We need time and space to prepare for that journey. And somewhere, deep inside us, at a primal level, our cells and hormones and mind and soul know this, and begin the work with or without our awareness.
I call out Zwischen in prenatals as a way of offering comfort and, also, as a way of offering protection. I see how simple it is to exploit and abuse this time. A scheduled induction is seductive, promising a sense of control. Fearful and confused family can trigger a crisis of confidence. We are not a culture that waits for anything, nor are we believers in normal birth; waiting for a baby can feel like insanity. Giving this a name points her toward listening and developing her own intuition. That, in turn, is a powerful training ground for motherhood.
Today, I am waiting for a lovely new mother named Allison to call me, to announce that her Zwischen is ended and labor has begun. I am in my own in between place, waiting. My opportunity to grow and open is a lovely gift she gives me, in choosing me to attend her birth.
1. Natural induction is only a helping hand - it's usually gentle enough that it won't bring on labor if your body isn't ready. For this reason it's not recommended for use before 38 weeks. If you do begin before then, chances are it won't work anyway.
2. You should do your own research on any natural induction method before trying it.
3. If you aren't sure about naturally inducing, you need to talk to your doctor. High risk pregnancies or illness in pregnancy can make natural induction risky.
4. Don't listen to people (friends, family or professionals) who flat out state that natural induction doesn't work. Even in the medical profession, opinions are varied on methods that work or if any do work at all. Do your research!
40 Ways to induce Labor Naturally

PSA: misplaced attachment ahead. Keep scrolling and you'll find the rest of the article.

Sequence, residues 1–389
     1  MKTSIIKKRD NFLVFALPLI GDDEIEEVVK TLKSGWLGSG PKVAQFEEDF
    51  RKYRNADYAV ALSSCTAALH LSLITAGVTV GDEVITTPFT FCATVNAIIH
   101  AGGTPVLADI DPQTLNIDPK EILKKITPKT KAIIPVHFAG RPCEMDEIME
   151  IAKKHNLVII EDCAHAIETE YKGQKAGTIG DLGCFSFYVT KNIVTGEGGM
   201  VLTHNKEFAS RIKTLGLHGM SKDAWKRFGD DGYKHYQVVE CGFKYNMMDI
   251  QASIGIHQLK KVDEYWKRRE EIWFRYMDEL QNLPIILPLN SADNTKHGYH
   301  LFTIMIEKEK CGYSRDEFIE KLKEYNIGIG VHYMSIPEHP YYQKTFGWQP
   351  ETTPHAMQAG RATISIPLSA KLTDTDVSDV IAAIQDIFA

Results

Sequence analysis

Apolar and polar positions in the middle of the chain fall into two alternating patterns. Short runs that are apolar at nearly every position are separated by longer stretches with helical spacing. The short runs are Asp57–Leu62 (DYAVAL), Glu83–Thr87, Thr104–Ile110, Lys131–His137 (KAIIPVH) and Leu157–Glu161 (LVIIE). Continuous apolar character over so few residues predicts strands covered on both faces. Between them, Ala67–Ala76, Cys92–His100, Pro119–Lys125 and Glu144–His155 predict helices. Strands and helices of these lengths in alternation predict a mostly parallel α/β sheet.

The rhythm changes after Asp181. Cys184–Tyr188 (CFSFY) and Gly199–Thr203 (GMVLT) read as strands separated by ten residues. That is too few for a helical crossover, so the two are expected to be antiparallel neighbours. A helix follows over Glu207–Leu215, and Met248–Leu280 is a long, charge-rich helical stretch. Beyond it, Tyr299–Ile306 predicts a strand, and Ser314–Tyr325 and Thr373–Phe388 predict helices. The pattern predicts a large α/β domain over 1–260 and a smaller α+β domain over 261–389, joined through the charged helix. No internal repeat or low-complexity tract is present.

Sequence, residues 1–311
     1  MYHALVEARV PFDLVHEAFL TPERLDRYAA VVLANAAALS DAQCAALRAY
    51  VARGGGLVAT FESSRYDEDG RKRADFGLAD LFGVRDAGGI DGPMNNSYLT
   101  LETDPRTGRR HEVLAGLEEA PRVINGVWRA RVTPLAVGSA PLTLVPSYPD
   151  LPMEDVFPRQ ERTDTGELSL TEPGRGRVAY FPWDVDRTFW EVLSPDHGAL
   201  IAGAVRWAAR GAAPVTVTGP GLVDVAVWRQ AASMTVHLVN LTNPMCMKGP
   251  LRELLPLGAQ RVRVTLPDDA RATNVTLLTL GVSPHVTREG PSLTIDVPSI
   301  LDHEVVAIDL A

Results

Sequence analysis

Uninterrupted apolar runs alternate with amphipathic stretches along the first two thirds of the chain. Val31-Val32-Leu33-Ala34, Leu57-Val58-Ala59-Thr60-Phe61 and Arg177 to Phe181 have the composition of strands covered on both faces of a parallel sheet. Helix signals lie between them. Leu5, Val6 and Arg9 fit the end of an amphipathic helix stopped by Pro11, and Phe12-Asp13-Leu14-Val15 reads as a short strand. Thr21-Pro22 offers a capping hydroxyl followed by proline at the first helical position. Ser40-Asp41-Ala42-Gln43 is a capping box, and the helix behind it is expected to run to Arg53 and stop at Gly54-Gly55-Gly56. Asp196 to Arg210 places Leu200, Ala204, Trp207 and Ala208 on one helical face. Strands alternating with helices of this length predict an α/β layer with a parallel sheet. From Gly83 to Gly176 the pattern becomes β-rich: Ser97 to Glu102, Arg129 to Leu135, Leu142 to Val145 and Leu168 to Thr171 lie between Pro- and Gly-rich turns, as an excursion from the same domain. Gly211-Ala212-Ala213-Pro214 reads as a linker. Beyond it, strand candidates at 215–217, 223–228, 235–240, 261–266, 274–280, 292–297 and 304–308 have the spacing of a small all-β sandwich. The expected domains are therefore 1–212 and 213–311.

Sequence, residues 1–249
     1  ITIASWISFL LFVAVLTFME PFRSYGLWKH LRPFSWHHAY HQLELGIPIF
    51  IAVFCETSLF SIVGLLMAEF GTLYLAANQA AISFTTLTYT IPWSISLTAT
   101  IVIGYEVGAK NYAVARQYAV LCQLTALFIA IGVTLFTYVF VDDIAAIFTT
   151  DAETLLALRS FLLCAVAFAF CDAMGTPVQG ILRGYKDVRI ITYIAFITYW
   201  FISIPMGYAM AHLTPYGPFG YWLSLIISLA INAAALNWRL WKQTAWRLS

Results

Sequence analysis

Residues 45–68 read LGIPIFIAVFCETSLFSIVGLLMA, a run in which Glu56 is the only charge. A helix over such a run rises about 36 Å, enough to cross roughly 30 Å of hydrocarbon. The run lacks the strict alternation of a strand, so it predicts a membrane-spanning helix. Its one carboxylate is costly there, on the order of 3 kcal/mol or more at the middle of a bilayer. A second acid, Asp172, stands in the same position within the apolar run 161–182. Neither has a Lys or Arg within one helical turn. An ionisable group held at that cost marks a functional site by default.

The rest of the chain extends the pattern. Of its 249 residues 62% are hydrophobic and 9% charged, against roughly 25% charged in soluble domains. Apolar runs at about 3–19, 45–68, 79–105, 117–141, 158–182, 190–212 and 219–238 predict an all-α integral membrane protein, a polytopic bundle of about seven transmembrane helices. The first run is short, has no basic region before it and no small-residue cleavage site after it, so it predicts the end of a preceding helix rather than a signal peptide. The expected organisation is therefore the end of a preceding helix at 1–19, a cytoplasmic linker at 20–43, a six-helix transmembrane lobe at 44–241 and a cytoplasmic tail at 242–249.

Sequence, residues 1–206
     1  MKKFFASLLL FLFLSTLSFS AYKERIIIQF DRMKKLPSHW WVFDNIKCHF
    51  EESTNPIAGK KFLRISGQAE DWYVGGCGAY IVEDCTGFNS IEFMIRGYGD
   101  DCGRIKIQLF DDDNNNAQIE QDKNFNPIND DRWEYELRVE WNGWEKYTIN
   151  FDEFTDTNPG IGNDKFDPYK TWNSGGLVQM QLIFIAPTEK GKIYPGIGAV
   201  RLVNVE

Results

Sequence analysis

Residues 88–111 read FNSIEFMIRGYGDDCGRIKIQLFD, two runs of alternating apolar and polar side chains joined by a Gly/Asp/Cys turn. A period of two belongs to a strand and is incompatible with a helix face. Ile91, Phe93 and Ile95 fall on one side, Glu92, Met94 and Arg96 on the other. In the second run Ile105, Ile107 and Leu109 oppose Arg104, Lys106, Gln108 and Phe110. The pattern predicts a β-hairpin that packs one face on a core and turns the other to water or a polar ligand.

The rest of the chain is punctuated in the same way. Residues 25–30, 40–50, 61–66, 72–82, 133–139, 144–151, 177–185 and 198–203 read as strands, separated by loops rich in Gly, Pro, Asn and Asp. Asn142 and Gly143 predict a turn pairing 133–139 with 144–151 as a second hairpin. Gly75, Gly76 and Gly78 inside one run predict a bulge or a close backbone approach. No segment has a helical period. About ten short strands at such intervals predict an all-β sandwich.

1. Acupressure - There are pressure points in the shoulder well, webbing between thumb and forefinger, heel and small of back.
2. Balsamic Vinegar - Add a dash to your salad. Definitely won't hurt to try!
3. Basil - Throw some in your cooking.
4. Black/Blue Cohosh - Taken in tea form is a common way to induce labor. Some midwives use it even during labor to increase slow contractions. There have been some studies claiming that it can have bad side effects for mother and/or baby however. I'd recommend research first.
5. Borage seed oil - Meant to have similar effects to evening primrose oil - dilating and effacing.
6. Bouncing on birth/exercise ball - Spreading your legs as well as the moving up and down can help the baby move down.
7. Bumpy car ride - Sometimes the baby just needs a bit of a jiggle!
8. Castor oil - Statistically speaking it only works on 57% of women and causes lovely things like diarrhoea and sometimes, vomiting. The theory is that the cramps in the bowel set off contractions. Opinion is still out on whether castor oil causes babies to pass meconium in the womb but a) most women using castor oil are overdue and b) babies that are overdue are more likely to pass meconium so you do the maths!
9. Chinese food - Not sure why, but some people have claimed this works a treat. Or maybe they just ate Chinese food all the time anyway, so they blamed it for the onset of labor. Worth a try!
10. Clary sage oil - Use for aromatherapy as an oil or in a candle.
11. Dancing - Don't do anything too drastic - pole dancing might be a bit much! But if you get in there and swing your hips around a lot, there's a chance baby might think about coming out.
12. Eggplant - Many people swear by eggplant parmigiana.
13. Evening primrose oil - Can be taken orally from 35 weeks and used internally (good idea to do this at night and use a panty liner) from 38 weeks. It's meant to soften the cervix so that even if you do get induced, the doctor may be able to break your waters and not need any further intervention to bring on labor.
14. Galloping - Many women claim that imitating a horse can help start labor. See the video further down!